It’s my potty

OLYMPUS DIGITAL CAMERA“Where’s your bathroom?,” asks a visitor to my little green schoolbus-home in the forest.

Ummmm….well, that depends what you have in mind. If you want to take a bath i’m afraid you are SOL, but there is a lovely ocean right at the bottom of the bluff—warmish, by Canadian (not Carribean) standards. A shower? The garden hose coiled onto a hook in the fir tree delivers clean water, gravity-fed from the reservoir at the top of the hill — and because of the black pvc water line, on a sunny afternoon the shower can actually be hot! On cool days if I’m grimy I will drop by a friend’s place for a warm shower, or grab a soak in the Hollyhock hot tub. Or I heat up the kettle and take a good ol’ bucket bath—good enough for the developing world and good enough for me. I’m clean.

But the bathroom—oh, that. Right, that. Indulge me here while i boast about my minimalist toilet arrangement. My bathroom consists of a tall motor-oil bucket (nested in a milk crate for stability purposes), a board, and a rock. The board keeps the rain out, and the rock keeps the board from flying away. The restroom is accessorized by a lidded plastic ice cream tub filled with sweet-smelling cedar chips from Ian’s firewood pile, topped by the roll of TP. Shaded by the forest canopy I enjoy my beautiful outhouse-without-a-house, my million-dollar clifftop view of Mansons Lagoon unobstructed by windows. In monsoon i squat with an umbrella.

I know what you are thinking. Shit in a bucket?! Gross. But actually its not gross at all, and here is the secret: poo in the bucket, and only poo. I learned this trick last year from Ray on the itty-bitty island off Lasqueti. Ray and Eve’s gorgeous off-grid hand-built home includes a deep solar-and-wind-heated indoor bathtub, hot water on demand, and an on-deck hot-tub—but no indoor toilet. Because the rocky terrain precludes a septic system or deep-dug outhouse, the toilet was a simple outdoor bucket arrangement—with the luxuries of a tasteful pine structure and a smoothly varnished toilet seat. The bucket discreetly concealed in a fancy wooden cabinet. Ray’s stern instruction for its use: you can pee anywhere, except in the bucket. That is the key.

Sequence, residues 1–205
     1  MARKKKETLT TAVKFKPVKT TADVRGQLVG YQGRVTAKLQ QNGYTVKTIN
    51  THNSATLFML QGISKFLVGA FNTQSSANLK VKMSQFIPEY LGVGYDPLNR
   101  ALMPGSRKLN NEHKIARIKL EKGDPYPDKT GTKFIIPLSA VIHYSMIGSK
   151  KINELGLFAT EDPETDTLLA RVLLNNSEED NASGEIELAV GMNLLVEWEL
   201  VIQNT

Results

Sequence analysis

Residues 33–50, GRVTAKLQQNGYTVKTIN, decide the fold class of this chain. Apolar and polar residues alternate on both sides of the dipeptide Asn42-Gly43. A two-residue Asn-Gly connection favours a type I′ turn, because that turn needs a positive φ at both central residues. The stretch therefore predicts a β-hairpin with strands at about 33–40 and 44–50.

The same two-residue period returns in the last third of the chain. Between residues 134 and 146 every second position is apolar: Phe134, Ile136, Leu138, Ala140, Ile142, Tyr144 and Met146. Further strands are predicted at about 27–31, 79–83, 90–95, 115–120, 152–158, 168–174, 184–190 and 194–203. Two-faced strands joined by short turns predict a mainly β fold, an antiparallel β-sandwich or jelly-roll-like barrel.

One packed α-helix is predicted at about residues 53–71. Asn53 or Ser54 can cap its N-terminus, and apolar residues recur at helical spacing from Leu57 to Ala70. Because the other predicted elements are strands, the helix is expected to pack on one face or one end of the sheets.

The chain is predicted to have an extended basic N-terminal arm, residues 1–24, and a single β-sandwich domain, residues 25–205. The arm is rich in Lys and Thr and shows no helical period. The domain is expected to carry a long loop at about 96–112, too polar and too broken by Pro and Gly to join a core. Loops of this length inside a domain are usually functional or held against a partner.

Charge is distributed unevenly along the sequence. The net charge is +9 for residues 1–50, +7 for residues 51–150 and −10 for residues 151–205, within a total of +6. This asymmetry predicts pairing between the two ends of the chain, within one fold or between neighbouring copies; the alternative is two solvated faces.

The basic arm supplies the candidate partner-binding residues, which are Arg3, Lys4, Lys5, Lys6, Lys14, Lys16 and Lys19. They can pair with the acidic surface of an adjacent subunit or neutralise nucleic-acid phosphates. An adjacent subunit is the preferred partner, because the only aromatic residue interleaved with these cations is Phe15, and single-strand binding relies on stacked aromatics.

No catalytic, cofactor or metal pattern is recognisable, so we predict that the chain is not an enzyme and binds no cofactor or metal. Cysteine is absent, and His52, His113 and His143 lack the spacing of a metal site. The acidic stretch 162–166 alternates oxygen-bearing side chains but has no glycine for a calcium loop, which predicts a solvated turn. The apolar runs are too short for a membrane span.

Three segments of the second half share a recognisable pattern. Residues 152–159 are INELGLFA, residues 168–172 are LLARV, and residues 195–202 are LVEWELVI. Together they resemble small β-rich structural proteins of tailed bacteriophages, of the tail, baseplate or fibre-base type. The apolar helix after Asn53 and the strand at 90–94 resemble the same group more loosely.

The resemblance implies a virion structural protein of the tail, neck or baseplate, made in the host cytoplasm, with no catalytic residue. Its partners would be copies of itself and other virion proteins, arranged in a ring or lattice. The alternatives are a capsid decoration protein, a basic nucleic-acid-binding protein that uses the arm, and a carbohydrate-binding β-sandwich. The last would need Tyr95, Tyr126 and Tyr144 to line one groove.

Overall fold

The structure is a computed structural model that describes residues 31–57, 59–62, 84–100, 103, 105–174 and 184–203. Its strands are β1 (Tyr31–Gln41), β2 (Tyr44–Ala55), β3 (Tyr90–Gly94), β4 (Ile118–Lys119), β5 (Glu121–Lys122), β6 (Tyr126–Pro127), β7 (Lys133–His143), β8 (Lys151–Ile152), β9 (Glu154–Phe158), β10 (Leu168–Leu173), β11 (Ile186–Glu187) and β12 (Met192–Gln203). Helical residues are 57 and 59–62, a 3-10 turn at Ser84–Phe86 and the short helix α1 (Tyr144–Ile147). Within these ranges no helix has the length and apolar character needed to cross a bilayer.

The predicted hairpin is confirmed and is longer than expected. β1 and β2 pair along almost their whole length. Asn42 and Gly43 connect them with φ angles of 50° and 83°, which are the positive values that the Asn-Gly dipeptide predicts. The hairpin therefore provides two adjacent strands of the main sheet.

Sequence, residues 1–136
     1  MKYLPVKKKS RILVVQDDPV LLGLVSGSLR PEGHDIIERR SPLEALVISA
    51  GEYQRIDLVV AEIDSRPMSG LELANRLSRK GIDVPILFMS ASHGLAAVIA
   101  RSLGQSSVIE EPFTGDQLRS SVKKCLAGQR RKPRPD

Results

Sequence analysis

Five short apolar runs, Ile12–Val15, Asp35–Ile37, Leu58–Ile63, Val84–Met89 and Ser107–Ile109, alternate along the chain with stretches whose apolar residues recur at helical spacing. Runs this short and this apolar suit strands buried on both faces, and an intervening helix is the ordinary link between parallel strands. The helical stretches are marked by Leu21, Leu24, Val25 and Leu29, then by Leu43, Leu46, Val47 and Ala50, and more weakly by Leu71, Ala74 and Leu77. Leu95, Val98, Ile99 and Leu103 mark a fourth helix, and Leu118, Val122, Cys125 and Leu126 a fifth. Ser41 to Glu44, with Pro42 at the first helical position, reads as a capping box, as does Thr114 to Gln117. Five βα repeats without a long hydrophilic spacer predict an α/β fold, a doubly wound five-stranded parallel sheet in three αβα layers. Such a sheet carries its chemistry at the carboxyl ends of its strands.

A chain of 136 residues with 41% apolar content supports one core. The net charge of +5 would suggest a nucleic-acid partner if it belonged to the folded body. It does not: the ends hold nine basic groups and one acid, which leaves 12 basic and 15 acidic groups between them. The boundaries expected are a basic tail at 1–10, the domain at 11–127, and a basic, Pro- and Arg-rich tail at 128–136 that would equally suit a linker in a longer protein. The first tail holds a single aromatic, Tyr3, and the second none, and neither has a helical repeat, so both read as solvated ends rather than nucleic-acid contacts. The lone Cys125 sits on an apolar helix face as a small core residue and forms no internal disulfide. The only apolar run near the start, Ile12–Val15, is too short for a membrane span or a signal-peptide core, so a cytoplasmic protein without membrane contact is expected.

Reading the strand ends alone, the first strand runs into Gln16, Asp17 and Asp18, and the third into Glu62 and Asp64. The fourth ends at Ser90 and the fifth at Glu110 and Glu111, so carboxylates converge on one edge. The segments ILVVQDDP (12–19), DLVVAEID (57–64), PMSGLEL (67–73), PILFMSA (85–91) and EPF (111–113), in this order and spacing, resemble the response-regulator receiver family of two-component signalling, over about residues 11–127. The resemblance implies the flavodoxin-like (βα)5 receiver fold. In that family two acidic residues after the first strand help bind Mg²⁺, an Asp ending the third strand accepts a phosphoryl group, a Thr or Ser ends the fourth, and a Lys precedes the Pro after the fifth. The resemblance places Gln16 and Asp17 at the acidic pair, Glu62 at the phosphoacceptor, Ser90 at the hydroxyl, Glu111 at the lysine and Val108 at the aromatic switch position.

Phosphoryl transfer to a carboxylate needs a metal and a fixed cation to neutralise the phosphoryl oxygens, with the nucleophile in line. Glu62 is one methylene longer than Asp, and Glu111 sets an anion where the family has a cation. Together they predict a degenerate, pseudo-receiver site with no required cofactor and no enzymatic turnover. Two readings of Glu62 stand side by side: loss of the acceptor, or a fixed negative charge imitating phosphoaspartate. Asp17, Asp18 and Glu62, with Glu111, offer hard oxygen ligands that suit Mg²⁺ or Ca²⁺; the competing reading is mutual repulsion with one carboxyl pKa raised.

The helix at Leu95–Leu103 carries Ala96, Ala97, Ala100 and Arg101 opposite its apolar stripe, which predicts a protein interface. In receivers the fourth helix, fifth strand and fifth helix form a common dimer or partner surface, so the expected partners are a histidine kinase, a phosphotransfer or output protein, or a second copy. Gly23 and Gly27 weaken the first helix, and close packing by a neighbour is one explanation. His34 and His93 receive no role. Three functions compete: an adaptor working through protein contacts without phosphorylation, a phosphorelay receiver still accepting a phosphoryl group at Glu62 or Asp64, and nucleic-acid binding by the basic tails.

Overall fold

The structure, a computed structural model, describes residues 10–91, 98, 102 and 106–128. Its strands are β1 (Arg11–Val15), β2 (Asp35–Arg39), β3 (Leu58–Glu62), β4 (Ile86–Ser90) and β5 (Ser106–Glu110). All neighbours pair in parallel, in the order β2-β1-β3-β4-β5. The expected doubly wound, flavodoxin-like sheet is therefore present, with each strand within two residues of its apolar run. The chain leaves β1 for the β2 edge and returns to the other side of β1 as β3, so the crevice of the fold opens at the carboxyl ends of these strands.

Granted, such deliberate excretion requires a little bladder control. Think kegel practice. First you pee, wherever you like. The rainforest is big, it can absorb a lot of pee. Then you take your seat on the bucket and switch functions. Repeat as necessary, hopping and scuttling from duty to duty. When you’re done make use of the TP, bang the bucket down a couple of times to settle the contents, throw in a couple of handfulls of sawdust, and replace the board and the rock. Done.

When the bucket gets about half full—which takes more time than I would have thought, proving that we are indeed made mostly of water—I tote it over to the deep-dug hole back in the woods and dump it in. No muss no fuss. Because the waste is mostly solid (so not heavy or festering), and thanks to the sawdust which absorbs moisture and odor, the chore is remarkably easy and un-gross. I rinse out the bucket with the hose, line it with a single sheet of newspaper, and my boudoir is back in action.

That’s it: my little potty trick. Now yours to share with the world.

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3 Responses to “It’s my potty”

  1. Linda Says:

    Holy s–t! This seems very environmently-friendly. And probably “pleasant” in the summer. But I’m kind of wondering what you will do come winter? Love your shower, too!

  2. Heather Says:

    Ahh, freedom. When I lived on Lasqueti I discovered the bliss of peeing outside, and used all variations of “outs”, composting toilets, etc. You’re right, it’s not gross at all. And it doesn’t use potable drinking water to flush. People need to get more in touch with their waste systems, in my opinion.

  3. carmen Says:

    zackly! so satisfying to be so in touch with what goes into and out of my body, my connection to the earth. washing dishes with rainwater from the reservoir, collecting dishwater into a bucket under the bus, then feeding it to the plants. lunch from the garden. peelings in the compost, salad in my belly, dishes washed and water gathered. what passes through my body goes into the potty bucket and back to the garden. the cycle completes.

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